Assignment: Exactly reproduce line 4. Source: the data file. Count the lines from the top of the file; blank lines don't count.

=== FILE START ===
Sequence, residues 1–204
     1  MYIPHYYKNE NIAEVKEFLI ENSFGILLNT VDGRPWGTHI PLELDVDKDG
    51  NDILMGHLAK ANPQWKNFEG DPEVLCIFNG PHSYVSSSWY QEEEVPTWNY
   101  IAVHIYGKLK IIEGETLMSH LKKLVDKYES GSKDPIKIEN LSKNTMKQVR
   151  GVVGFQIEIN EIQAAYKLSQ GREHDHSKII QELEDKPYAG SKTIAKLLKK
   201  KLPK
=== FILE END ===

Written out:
   101  IAVHIYGKLK IIEGETLMSH LKKLVDKYES GSKDPIKIEN LSKNTMKQVR